Some years ago, a publisher asked me to prepare a set of key stage 3 English SAT tests in reading and writing which would ape the format of the actual paper. Using stimulus material from slightly more exotic sources than those chosen by the Qualifications and Curriculum Authority, we managed to create a product which sold well. Recently, the same publisher asked me to update the material so that it can be used as preparation for the new-style SAT, to be introduced in 2003.
A visit to the QCA website to study the changes was a sharp reminder of why, six years ago, I chose to leave full-time teaching. For here is a salutary lesson in what happens when you take learning away from schools and teachers, and put it in the hands of the politicians and civil servants.
Ye shall know them by their language: "scaffolding", "underpinning" (teachers double as building workers), "strands" (remember, "You're never alone with a strand"?) and "triplets of purposes" are here to haunt our classrooms.
The new SAT attempts to present the paper in such a way that it will be easier to identify specific areas of pupil weakness. Let us hope that the candidates are obliging enough to drop off their weaknesses at the appropriate points on the respective papers. As the QCA informs us, it will enable schools to more easily profile the performance of cohorts, classes and pupils. Of the three, I suspect that the statistical data produced by the first two is more important to them than the last.
What really taxes the thinking of the team who put together this scheme is how to break down the "identifiable elements of the complex unitary skills of reading and writing". Great theory, but any experienced teacher of English will tell you that real life doesn't work that way. In a rare shaft of honesty, the QCA admits as much, further down the page: "In practice, the elements all come together and are integrated in any individual act of reading and writing."
Ain't life a bitch that way?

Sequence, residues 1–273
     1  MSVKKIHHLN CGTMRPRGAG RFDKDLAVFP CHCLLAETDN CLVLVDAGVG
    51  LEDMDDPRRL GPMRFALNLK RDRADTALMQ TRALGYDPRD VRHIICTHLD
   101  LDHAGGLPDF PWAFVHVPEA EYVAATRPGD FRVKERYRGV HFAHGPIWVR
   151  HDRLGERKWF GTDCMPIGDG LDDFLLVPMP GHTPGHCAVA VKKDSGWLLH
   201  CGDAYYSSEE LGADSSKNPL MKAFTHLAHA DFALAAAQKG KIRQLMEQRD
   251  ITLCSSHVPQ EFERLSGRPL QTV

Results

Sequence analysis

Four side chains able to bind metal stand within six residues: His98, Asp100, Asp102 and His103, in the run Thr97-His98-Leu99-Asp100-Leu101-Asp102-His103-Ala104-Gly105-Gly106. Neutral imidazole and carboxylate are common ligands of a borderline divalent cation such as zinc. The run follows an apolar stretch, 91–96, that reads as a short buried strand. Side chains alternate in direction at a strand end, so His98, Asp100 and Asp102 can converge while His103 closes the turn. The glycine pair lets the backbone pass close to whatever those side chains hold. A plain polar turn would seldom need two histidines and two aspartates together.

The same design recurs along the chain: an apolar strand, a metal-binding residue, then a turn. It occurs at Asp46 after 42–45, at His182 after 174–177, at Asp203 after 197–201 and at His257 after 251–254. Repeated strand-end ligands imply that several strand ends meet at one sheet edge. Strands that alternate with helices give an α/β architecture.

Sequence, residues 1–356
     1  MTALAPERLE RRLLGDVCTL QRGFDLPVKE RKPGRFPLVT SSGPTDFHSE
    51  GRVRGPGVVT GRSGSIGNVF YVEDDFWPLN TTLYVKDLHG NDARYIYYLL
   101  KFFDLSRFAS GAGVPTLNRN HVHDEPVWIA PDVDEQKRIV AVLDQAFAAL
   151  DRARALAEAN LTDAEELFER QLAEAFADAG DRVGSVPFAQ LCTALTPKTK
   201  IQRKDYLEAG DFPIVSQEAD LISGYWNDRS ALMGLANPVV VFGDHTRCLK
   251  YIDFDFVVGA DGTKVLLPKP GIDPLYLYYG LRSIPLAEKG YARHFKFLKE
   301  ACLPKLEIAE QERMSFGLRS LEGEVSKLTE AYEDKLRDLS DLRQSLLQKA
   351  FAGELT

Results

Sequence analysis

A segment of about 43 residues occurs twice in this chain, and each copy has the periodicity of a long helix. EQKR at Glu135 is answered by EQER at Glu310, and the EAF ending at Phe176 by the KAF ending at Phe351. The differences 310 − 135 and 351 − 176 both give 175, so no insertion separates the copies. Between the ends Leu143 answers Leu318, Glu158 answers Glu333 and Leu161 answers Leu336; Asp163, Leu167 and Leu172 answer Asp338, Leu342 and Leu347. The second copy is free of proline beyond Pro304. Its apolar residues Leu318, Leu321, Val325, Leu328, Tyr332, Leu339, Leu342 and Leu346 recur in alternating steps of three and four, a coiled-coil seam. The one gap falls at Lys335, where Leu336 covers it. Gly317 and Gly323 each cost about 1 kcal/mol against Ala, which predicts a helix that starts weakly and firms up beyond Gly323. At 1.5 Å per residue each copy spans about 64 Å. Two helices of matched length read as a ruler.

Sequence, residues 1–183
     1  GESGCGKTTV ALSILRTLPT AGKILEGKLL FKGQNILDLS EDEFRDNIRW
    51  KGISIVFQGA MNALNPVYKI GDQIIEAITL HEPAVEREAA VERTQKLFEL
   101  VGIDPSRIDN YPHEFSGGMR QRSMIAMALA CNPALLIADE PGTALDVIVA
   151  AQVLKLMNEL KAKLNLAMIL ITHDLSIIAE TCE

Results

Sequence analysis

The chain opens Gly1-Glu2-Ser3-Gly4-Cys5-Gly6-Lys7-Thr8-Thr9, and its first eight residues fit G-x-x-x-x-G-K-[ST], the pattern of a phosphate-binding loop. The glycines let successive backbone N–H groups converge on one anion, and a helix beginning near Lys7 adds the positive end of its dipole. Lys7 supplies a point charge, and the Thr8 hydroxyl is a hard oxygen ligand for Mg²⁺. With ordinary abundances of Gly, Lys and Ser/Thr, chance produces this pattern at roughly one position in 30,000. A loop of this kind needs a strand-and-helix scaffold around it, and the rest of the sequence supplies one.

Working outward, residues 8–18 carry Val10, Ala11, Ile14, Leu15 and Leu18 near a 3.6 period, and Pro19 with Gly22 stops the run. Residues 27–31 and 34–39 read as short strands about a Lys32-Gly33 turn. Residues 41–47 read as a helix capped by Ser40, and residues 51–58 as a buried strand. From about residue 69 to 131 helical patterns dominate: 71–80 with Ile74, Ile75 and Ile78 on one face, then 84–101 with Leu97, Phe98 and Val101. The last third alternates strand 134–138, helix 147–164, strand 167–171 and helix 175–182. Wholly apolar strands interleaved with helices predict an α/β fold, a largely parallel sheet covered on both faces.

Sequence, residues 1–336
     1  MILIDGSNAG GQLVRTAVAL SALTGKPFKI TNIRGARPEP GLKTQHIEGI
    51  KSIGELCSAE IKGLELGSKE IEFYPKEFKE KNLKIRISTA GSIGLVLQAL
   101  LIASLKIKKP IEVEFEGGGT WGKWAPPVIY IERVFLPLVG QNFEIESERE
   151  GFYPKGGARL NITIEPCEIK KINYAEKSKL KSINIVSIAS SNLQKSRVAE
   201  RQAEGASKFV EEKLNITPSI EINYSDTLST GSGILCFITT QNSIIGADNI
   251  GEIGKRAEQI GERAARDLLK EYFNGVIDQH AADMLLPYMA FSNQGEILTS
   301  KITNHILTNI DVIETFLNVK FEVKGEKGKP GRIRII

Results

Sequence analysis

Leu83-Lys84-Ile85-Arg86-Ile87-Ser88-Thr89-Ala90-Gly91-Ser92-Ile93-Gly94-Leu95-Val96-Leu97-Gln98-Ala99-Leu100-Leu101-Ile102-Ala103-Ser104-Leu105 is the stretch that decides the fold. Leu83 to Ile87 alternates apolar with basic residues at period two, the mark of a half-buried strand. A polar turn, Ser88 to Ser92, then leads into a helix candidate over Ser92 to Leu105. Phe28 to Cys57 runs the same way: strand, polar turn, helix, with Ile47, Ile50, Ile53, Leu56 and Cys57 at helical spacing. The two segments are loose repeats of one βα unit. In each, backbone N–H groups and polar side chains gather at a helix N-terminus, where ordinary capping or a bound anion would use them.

But it is when we come to the testing of writing that the QCA minions click into gear. Their attempts to make sense of what they themselves have turned into the most convoluted of exercises really merits a walkover win in Radio 4's recent attempt to identify the red tape champ of the year. There are three pieces of writing on the new paper - one of which is to be "a longer writing task". The mark scheme consists of three strands (for example, strand A is "sentence structure and punctuation"), and each strand appears to have six bands for marking purposes. (Wake up, you may have to explain all this on parents' evening.) For a pupil to qualify in the bottom band, he or she must meet at least two basic criteria concerning "simple connectives" and "demarcated sentences". Assuming the criteria are met, what mark will they then be accorded? Nil, even though they have "shown some fluency and accuracy".
No one gets to write stories any more either. The best any candidate can aspire to in this kind of world is composing an imaginative text. No doubt the ultimate prize, supposing a candidate lands a level 7, is to be earmarked as a future writer of sample materials for the QCA.
So I shall tell my publisher that I am not interested in writing materials that take teachers even further down the road towards the status of technician. Soon we will have few classroom practitioners who can recall those heady days when choices and creativity were the best part of being an English teacher.
Alan Combes was a head of English for 26 years before retiring from the classroom in 1996